Gauteng Business News

Send  Share  RSS  Twitter  19 Jan 2011

BUSINESS: Delay Of Consumer Protection Act Helps Business


Recent Gauteng Business News

While the implementation of the Consumer Protection Act (CPA) may be delayed, its introduction is inevitable. And while potentially frustrating for consumers who are looking for relief, the postponement gives businesses of every kind a valuable opportunity to ensure that when the Act is promulgated they need not fear any repercussions from their business practices or products, but can be ready with a compliant organisation delivering quality products and services.

That’s according to Brandell Turner, managing director of Turner and Associates Attorneys in Cape Town.

“Love it or hate it, the Consumer Protection Act has been passed by Parliament and it is coming. Preparing for it means mitigating any potential risks arising from a violation of the Act, especially the clearly defined prohibited practices cited in the Act,” says Turner.

While it is designed to bring relief to consumers from unfair practices and inferior products, Turner nevertheless says there is potential for the Act to stifle entrepreneurship.

“Bigger companies have the resources to ensure compliance and a high standard of products and services which is required by the Act. However, the Act does not discriminate between large companies and small or micro enterprises. The concern is that small shopkeepers and other such businesses may easily find themselves in breach of the Act and may not have the means to prevent it or litigate a court claim and this may affect the sustainability of small businesses and discourage potential entrepreneurs who may perceive the standards set in the Act as too onerous,” he explains.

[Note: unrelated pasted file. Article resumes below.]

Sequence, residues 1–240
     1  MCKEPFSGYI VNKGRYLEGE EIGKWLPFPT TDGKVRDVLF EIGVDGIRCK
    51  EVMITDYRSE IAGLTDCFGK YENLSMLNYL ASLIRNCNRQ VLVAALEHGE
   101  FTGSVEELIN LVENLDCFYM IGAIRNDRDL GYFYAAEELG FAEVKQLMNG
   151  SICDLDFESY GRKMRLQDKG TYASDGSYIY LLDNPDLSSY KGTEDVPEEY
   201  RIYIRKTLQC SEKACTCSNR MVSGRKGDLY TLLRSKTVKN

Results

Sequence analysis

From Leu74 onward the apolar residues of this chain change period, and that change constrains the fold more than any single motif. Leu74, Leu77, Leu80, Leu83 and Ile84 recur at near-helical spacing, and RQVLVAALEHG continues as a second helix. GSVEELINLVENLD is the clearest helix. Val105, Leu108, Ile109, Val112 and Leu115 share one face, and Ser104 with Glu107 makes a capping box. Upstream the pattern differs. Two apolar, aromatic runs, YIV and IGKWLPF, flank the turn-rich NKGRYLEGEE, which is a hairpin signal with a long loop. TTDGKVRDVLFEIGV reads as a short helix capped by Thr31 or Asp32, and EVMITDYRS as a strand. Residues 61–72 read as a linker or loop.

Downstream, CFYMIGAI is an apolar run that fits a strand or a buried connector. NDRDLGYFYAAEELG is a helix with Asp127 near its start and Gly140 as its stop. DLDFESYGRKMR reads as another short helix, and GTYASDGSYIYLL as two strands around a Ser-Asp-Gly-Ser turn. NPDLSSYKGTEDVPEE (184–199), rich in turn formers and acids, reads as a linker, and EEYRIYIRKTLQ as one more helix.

That said, Turner believes there is a definite need for the legislation. “Business organisations are stronger in South Africa than consumer protection groups are. They have a louder voice and are more institutionalised. While the CPA therefore aims to shift the balance somewhat, this does not completely tip the scales in favour of the consumer. The Act however gives legislative recognition to Consumer Protection Groups as a voice for consumers. Turner believes that if the Act is to have its desired effect, Consumer Protection groups should become particularly active in championing the cause for consumers.

Despite the balance of power still favouring business, owners of businesses of every kind should nevertheless take the time to understand the Act and ready themselves for it. “Remember that preventing a claim against your company is going to be far better than trying to solve one through a costly legal process after a violation of the Act.”

The answer to preparing is fairly straightforward. It depends on education, says Turner. “Especially for the smaller operation, owners and managers are encouraged to get ‘hands on’ with the legislation. They should consider a gap analysis, looking at the organisation, its transactions and the type of goods and services supplies and the warranties it offers. These should be superimposed on the Act to provide something of a checklist which will determine their state of readiness for the Act. Where there are potential breaches, training interventions may be necessary, processes may require tightening or product quality and warranties increased.”

Essentially, continues Turner, the time afforded by the delay in the implementation of the Act provides businesses with a clear opportunity to step up what is in effect a risk mitigation exercise. “It is a compliance issue and it will incur a cost. However, by being proactive, every business can become compliant and in so doing, step up their level of customer service and satisfaction. Such a perception changes the viewpoint of compliance with the Act from being a mere expense, to being an investment in the performance and quality of the business. In turn, the Act can therefore actually deliver an advantage to your business.”

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